Kirkus Reviews Issue: June 1, 2013

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Red meat, and mighty tasty at that, for baseball fans with an appreciation for the past and power of the game.

THE BASEBALL 100

Longtime sports journalist Posnanski takes on a project fraught with the possibilities of controversy: ranking the 100 best baseball players of all time.

It would steal the author’s thunder to reveal his No. 1. However, writing about that player, Posnanski notes, “the greatest baseball player is the one who lifts you higher and makes you feel exactly like you did when you fell in love with this crazy game in the first place.” Working backward, his last-but-not-least place is occupied by Japanese outfielder Ichiro Suzuki, whose valiant hitting rivaled Pete Rose’s, mostly a base at a time. As for Rose, who comes in at No. 60, Posnanski writes, “here’s something people don’t often say about the young Pete Rose, but it’s true: The guy was breathtakingly fast.” Thus, in his first pro season, Rose stole 30 bases and hit 30 triples. That he was somewhat of a lout is noted but exaggerated. Posnanski skillfully weaves statistics into the narrative without spilling into geekdom, and he searches baseball history for his candidate pool while combing the records for just the right datum or quote: No. 10 Satchel Paige on No. 15 Josh Gibson: “You look for his weakness, and while you’re looking for it he’s liable to hit 45 home runs.” Several themes emerge, one being racial injustice. As Posnanski notes of “the greatest Negro Leagues players....people tend to talk about them as if there is some doubt about their greatness.” There’s not, as No. 94, Roy Campanella, among many others, illustrates. He was Sicilian, yes, but also Black, then reason enough to banish him to the minors until finally calling him up in 1948. Another significant theme is the importance of fathers in shaping players, from Mickey Mantle to Cal Ripken and even Rose. Posnanski’s account of how the Cy Young Award came about is alone worth the price of admission.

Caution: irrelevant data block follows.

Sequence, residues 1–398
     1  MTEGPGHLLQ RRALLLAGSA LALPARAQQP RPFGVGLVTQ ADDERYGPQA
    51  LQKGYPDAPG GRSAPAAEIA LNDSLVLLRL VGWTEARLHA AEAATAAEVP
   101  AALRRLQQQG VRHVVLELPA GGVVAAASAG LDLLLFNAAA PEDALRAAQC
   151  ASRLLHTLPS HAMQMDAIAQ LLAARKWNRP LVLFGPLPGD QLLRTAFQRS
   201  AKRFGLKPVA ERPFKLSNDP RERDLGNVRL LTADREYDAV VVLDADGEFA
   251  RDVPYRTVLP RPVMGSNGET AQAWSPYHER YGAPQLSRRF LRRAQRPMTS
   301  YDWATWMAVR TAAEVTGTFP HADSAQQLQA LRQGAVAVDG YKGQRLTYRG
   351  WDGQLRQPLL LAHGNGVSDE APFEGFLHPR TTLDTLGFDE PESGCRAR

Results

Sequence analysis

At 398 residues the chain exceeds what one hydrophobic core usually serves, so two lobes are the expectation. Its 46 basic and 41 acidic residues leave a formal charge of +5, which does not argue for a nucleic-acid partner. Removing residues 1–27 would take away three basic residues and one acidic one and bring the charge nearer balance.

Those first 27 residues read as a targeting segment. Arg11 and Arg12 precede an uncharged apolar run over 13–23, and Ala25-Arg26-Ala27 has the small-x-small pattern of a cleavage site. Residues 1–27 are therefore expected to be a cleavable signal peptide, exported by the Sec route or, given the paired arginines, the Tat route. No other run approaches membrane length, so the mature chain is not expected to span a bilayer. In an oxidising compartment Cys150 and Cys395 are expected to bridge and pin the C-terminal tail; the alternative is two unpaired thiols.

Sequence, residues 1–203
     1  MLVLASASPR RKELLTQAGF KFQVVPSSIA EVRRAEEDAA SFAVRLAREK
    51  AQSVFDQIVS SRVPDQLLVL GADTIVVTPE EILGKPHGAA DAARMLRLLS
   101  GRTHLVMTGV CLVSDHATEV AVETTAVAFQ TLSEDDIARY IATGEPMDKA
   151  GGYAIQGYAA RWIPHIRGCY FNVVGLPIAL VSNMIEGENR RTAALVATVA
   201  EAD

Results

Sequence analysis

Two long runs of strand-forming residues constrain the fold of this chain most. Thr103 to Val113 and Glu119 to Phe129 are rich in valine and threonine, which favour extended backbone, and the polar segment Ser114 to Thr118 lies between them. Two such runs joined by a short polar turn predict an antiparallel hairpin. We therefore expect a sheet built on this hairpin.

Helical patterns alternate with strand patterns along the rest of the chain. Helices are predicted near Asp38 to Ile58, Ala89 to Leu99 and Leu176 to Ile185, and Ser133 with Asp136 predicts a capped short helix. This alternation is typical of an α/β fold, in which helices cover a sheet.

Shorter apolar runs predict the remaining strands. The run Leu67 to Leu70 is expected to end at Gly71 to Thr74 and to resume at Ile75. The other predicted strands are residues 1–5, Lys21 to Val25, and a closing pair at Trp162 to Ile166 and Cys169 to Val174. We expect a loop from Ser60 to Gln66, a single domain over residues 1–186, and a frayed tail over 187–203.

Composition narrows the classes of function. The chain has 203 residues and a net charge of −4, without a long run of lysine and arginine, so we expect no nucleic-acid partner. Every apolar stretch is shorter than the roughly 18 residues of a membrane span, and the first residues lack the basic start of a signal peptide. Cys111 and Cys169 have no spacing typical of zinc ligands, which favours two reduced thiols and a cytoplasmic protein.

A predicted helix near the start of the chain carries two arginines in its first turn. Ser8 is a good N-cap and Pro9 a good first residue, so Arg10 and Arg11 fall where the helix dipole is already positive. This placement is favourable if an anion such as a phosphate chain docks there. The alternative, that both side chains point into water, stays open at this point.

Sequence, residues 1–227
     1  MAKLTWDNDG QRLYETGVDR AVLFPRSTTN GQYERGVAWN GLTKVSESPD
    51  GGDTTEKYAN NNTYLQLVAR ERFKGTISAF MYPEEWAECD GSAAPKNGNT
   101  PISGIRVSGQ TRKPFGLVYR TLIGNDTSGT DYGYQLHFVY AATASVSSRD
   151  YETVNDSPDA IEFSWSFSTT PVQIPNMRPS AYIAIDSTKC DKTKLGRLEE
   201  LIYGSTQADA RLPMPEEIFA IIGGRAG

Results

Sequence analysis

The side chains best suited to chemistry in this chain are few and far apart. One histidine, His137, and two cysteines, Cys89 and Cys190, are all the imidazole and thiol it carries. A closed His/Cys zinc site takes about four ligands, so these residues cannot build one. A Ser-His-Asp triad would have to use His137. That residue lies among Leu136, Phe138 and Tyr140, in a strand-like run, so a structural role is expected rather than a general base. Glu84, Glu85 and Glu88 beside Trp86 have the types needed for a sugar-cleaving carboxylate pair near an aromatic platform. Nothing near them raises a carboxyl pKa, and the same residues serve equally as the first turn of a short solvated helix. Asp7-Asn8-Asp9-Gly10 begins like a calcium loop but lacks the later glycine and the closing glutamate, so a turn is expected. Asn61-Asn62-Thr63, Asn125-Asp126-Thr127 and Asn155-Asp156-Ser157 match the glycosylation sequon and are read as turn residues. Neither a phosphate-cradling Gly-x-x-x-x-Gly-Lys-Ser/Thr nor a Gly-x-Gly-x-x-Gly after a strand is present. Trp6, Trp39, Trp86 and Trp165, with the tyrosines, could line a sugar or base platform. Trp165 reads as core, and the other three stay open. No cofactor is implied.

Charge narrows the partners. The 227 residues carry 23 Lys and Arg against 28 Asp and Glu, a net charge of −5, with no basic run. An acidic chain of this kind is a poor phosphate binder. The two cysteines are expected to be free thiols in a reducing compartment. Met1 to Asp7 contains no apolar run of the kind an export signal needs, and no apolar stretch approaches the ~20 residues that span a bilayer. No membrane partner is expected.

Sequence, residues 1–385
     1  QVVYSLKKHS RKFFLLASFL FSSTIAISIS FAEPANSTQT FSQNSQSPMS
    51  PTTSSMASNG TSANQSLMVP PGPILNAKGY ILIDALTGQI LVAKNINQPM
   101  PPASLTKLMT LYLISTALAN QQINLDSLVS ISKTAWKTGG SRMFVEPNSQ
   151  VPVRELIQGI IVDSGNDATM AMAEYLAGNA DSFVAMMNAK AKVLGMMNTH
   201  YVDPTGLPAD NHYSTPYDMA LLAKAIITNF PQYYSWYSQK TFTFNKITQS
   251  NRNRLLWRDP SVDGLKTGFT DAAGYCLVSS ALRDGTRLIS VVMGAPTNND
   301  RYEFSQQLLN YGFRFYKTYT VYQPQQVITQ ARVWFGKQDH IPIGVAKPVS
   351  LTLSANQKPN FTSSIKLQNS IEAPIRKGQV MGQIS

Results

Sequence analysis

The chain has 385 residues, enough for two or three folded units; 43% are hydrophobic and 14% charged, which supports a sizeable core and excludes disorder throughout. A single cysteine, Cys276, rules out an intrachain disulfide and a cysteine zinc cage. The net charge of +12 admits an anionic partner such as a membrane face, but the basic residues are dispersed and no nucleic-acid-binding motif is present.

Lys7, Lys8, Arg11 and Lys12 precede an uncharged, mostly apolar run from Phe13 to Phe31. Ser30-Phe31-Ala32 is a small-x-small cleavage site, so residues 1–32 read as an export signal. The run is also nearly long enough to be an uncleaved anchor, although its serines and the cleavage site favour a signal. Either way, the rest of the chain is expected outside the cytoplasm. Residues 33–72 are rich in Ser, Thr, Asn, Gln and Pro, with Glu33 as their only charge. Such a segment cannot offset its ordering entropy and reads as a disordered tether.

Red meat, and mighty tasty at that, for baseball fans with an appreciation for the past and power of the game.

Pub Date: Sept. 28, 2021

ISBN: 978-1-982180-58-4

Page Count: 880

Publisher: Avid Reader Press

Review Posted Online: Oct. 20, 2021